First article I ever wrote for the Cambridge Times. Originally written with the title “What Makes Home”, it ran in September of 2004.
What makes home (Happy Home is My Loving Mess)
The other day I was walking the dog down the street, admiring (as I tend to do) all the summer improvements that the various neighbors have made to their houses. Some had beautified their grass and made gardens. Some had added new fences or stones. One neighbor had put a pretty swing out front for him and his wife with a fort in the tree for his kids. It made me feel so warm to know that in my neighborhood, the houses look so nice, like they could be on the pages of a magazine for one of those neighborhoods that is a great place to visit and stroll around. When I got home, I looked up for a moment at the front of my house. Four bikes lay on the lawn next to the bike rack that my husband built last summer for the kids. The tasteful green garbage bin that we had put out to hide our ugly black bags had a bag of garbage, five pizza flyers and a wet pair of socks on it. I chuckled to myself. Maybe not quite magazine material. We had just spent a few dollars ourselves on some beautiful wood work to go around the front windows, but it was hard to notice with two naked toddlers smiling at me through the window with a bunch of curtains in their juice stained hands.
I went inside and looked around the house some more. It didn’t so much resemble the sort of modern eclectic look that I was originally going for. There was some laundry on a chair in the living room, books haphazardly strewn across the shelves of the neat book shelf in the hall. Toys scattered gaily around the floor which was itself, decorated with the various stains of juice, wine or toilet training mishaps. The dining room had a surprisingly clean table, but the walls contained spackle made of spaghetti sauce and peanut butter. I think the paint was blue….
I went into the kitchen where I had spent a good deal of the morning doing dishes and some small prep work for that evenings’ dinner. My five precious children were crowded around the same section of counter. They had bread, margarine, cold cuts, cheese, peanut butter, ketchup and pickles on the counter. They had made juice in the jug, and water was hovering near the edge of the counter where it run from over the top of the jug. The fruits of their labors were piled precariously on plates with smears of the occasional butter knife swipes spread directly onto the counter. They had used about fourteen dishes, three butter knives, six cups and all of the ingredients.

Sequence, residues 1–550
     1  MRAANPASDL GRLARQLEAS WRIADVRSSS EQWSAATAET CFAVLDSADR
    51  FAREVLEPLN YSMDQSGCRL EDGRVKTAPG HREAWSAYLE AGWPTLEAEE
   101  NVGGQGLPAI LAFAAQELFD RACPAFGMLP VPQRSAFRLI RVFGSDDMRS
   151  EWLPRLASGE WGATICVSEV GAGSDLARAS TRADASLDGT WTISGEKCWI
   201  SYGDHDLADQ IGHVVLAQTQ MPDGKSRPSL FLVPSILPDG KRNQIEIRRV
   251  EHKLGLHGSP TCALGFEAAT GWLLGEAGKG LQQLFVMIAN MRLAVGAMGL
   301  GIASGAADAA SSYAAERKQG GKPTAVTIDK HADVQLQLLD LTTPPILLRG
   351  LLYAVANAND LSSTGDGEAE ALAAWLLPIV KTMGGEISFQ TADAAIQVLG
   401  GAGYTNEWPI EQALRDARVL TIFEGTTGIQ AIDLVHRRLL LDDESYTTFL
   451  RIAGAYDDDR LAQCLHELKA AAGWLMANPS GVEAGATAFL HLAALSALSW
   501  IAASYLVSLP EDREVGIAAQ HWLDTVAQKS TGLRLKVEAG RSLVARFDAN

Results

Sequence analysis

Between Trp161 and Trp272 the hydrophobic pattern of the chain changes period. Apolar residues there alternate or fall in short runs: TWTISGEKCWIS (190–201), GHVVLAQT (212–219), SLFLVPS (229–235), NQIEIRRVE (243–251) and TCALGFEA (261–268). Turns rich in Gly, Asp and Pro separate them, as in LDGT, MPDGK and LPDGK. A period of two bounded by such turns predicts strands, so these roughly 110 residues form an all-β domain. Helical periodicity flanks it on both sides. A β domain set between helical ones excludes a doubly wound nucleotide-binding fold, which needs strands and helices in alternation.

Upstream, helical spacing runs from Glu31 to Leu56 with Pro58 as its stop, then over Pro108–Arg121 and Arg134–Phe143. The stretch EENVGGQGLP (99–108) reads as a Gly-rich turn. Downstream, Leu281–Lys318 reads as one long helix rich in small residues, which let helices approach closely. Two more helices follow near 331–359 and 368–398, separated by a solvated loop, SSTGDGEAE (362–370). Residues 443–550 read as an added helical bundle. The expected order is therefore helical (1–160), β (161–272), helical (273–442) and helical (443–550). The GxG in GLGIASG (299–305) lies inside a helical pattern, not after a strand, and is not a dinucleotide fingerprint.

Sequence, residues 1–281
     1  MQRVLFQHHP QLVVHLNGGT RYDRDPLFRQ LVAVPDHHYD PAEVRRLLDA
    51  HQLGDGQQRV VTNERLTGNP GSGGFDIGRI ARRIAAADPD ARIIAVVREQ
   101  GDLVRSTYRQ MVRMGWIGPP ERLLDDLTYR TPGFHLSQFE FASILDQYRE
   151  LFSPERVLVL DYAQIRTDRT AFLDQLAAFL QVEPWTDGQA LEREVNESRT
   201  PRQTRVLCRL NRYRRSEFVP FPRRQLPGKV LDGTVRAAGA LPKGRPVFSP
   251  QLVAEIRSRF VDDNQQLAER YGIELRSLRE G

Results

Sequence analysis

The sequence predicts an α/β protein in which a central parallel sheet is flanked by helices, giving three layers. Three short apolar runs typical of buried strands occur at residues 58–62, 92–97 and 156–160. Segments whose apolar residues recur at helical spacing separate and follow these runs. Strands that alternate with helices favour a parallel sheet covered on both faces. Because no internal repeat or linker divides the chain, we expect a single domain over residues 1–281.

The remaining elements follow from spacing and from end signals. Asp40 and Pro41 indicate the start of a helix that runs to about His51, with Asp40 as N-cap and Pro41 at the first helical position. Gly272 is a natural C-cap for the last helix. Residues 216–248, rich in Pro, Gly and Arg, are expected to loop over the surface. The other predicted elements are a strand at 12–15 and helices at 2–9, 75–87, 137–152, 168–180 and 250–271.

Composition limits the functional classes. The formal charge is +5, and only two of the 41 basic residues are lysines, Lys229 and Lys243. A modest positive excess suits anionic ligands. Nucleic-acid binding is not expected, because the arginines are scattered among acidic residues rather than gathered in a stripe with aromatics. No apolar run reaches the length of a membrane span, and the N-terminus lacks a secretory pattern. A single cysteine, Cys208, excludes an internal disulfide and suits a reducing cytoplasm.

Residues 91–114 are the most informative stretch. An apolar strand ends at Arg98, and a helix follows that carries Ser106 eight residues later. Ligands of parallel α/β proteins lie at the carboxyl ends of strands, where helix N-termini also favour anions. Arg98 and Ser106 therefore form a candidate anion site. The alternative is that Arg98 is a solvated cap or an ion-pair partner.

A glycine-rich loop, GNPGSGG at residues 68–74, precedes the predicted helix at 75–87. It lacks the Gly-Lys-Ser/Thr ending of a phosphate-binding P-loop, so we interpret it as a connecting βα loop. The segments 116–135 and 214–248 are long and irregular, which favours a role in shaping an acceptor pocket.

Sensing a parental presence, the turned around in eerie unison to greet my surprised face.
“hi mom, we made you lunch! Surprise!”
I didn’t know what to say. I looked past the mess and at the faces of my kids, so proud of their accomplishment. I thanked them for the lunch, choked down a bite in front of them and said I would eat the rest in the office while I did some work. The kids were triumphant. They were so happy that they had made the lunch for that day themselves, and that it had a favorite of each one of them included in the sandwich. I watched them for a few minutes, talking animatedly about their conquest of a meal. What they would like to do next. My oldest, who is ten and a half, saw me watching them. He looked at me and said “don’t worry mom, we’ll clean up”. I thanked him and made my way down stairs to the makeshift “office” we have in our basement. I wondered, am I really such a stickler for cleanliness? I guess I did spend a lot of time talking about the lack of it, but in a house with five kids, two parents, a dog and a hamster, you can’t help but feel overwhelmed some days about the amazing, never-ending, amount of cleaning there is to be done…especially when you don’t have a dishwasher. (I don’t count, it’s not my official title) But yes, I was guilty of the obsessive over dirt problem. I spent a lot of time complaining about rooms, dishes, laundry and the general bodily state of the kids. I kept trying to make my house look like we were about to have a tour walk through it at any moment. I sat for a while in the office, my gross and yet touching lunch wafting various smells in my direction, just pondering the state of the house and the manner in which I approach it. And then I realized that it did not matter that my house is not always perfectly clean and magazine-esque. It did not matter that laundry had to be done and the walls were never clean. My house is a home. Not a museum. My kids can get messy and make a lunch, or a painting or cookies. And they did it all together. Two boys, three girls, ages ten to two. They worked together, and they had fun.
But next time I eat lunch with them, my kids can be the ones to walk the dog…